Attacks by President Obama and Congressional Democrats against private health insurers will have a “spillover effect” on other segments of the private insurance marketplace, a property/casualty insurance trade group executive has warned.
David A. Sampson, president and CEO of the Property Casualty Insurers Association of America (PCI), said one of the major threats to the insurance industry today involves the “undermining of private insurance markets and the socialization of risk.” He pointed to the healthcare debate to demonstrate this point.
“The president and members of Congress have vilified private insurance companies as they have called for a public insurance option,” said Sampson. “Publicly they have attacked health insurers but I believe this messaging represents a fundamental assault on all private insurance markets. These attacks predictably will have a spillover effect that could jeopardize our industry as Congress moves forward on financial services regulatory reform, or a federal natural catastrophe proposal.”
Sampson, a former Bush Administration official, highlighted what he said are major challenges facing the property/casualty industry and encouraged the more than 1,000 CEOs and senior executives attending PCI’s Annual Meeting today in Orlando to be involved in the political process in order to protect the industry’s interests.
Sampson said that in addition to the undermining of private markets, sluggish economic growth, massive deficits, likely runaway inflation and a divide-and-conquer mentality in Washington are among the most substantial threats facing the industry.
“With unemployment on track to top 10 percent early next year, it’s hard to see a robust recovery ahead,” said Sampson. “The lack of consumer confidence continues to concern economists, and an unexpected drop this quarter doesn’t bode well for the near future. We simply are not seeing the kind of investment we need that will generate robust growth.”
He said that net private investment fell in the second quarter fell to the lowest level since 1947, protectionism is beginning to emerge, and personal, corporate, energy and health care tax increases seem to be on the horizon.
“Any of these economic uncertainties, by themselves, could suppress private sector investment and job creation,” Sampson said. “Combined, they certainly will. These restraining forces on the economy will impact the top line growth potential of the property/casualty industry.”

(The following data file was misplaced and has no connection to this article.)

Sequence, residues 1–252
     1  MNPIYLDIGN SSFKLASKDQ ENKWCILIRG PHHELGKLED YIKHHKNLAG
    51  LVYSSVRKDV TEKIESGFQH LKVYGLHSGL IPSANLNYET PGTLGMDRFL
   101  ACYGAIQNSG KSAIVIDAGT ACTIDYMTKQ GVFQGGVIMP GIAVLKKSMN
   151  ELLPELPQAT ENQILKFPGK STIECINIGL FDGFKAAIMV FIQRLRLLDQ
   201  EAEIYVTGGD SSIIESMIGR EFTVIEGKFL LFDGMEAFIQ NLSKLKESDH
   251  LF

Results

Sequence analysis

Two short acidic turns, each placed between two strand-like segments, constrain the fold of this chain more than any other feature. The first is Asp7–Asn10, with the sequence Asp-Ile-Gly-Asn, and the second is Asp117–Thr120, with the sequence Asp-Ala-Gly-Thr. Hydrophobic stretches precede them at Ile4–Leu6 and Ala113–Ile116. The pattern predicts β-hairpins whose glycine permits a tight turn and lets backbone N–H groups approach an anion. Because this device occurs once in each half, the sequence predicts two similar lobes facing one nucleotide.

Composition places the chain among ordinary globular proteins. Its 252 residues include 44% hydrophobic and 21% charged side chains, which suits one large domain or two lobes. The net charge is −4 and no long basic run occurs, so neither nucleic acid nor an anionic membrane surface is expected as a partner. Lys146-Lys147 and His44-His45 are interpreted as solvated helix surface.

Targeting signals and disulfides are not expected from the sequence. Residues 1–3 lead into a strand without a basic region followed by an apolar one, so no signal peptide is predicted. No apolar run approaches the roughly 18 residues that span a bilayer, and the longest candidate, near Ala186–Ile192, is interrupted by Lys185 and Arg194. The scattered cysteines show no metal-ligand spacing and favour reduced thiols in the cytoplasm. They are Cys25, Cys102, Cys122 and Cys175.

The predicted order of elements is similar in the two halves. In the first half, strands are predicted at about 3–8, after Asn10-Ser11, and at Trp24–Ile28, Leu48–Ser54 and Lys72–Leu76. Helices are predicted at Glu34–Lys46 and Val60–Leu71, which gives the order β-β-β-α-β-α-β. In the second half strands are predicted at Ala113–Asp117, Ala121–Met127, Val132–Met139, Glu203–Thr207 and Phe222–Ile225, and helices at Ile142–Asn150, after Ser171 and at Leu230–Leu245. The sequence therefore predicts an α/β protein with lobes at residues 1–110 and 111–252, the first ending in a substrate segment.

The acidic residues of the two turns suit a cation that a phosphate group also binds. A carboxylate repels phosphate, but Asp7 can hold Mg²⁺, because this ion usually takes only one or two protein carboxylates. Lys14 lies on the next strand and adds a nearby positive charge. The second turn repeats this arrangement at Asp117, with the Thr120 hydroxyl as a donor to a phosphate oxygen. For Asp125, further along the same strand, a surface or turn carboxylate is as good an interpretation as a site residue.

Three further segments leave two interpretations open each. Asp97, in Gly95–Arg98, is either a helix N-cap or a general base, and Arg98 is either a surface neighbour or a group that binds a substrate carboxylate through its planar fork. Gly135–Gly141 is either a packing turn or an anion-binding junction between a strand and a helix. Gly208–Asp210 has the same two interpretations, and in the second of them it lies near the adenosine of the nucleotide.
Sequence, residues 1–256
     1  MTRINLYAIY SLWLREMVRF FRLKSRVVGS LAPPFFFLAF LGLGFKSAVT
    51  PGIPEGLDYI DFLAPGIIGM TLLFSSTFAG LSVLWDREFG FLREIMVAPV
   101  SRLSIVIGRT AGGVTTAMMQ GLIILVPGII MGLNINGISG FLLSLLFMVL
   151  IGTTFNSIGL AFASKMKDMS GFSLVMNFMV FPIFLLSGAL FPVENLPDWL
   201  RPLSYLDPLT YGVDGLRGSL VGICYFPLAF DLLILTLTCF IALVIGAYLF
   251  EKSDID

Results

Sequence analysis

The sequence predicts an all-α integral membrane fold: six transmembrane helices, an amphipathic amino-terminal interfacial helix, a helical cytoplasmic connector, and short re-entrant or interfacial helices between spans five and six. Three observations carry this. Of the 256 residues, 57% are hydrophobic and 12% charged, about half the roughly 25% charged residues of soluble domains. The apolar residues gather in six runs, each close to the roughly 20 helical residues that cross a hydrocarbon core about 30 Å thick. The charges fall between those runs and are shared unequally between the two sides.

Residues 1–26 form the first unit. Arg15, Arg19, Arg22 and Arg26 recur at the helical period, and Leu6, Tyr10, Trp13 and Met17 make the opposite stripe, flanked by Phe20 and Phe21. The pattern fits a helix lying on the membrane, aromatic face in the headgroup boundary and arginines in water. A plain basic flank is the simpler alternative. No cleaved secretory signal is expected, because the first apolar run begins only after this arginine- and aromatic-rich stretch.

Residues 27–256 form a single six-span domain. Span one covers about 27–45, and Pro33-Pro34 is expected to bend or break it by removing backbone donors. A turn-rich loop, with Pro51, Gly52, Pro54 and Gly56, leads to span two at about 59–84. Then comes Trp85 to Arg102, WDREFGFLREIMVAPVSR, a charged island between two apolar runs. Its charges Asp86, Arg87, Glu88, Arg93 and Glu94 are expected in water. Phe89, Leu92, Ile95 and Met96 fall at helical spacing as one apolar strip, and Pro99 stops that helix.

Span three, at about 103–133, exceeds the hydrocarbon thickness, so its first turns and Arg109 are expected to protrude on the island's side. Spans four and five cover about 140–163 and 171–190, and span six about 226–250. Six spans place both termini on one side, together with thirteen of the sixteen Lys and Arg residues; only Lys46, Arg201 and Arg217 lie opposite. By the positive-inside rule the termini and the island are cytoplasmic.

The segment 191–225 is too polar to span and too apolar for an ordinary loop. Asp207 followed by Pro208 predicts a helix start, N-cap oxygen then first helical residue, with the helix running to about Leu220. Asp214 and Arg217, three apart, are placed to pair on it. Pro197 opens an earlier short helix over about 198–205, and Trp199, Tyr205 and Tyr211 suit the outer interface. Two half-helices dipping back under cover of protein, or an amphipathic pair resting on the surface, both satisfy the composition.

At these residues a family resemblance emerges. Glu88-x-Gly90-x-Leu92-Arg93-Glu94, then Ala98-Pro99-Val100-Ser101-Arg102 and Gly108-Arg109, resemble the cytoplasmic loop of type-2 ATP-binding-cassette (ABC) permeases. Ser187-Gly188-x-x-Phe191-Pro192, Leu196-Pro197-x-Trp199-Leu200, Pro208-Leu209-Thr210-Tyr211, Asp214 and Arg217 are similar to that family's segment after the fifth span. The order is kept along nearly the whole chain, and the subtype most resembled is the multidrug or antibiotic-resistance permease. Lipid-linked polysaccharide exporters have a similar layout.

As a major threat to insurers at the macro level he cited growing deficits and the likelihood of runaway inflation. According to the Congressional Budget Office, the nation’s deficit in 2008 was $1.4 trillion — and the trend line is going up.
“The last time the industry faced this situation was in the 1970s, where raw input costs — repair/replacement — rose dramatically and companies were not allowed to recover costs through rate increases. For us, these economic conditions will create significant challenges,” he said.
Among the threats to the industry is “a divide and conquer strategy” developing in Washington, according to the PCI leader. “In this political and economic environment, it’s every man for himself as each industry or company seeks to cut its best deal and throw others under the bus.,” said Sampson. “We need to be aware of this tactic and work to ensure we are not vulnerable to it in the future.”
He said PCI and the P/C insurance industry have managed to achieve some successes in Washington despite the difficult atmosphere. He said the industry has been able thus far to prevent “unintended, negative consequences” from financial service regulatory reform efforts and has largely carved out property/casualty from the Consumer Financial Products Authority, executive compensation caps, and a Federal Resolution Authority.
PCI is composed of more than 1,000 member companies, which write more than $180 billion in annual premium and 37.4 percent of the nation’s property/casualty insurance.
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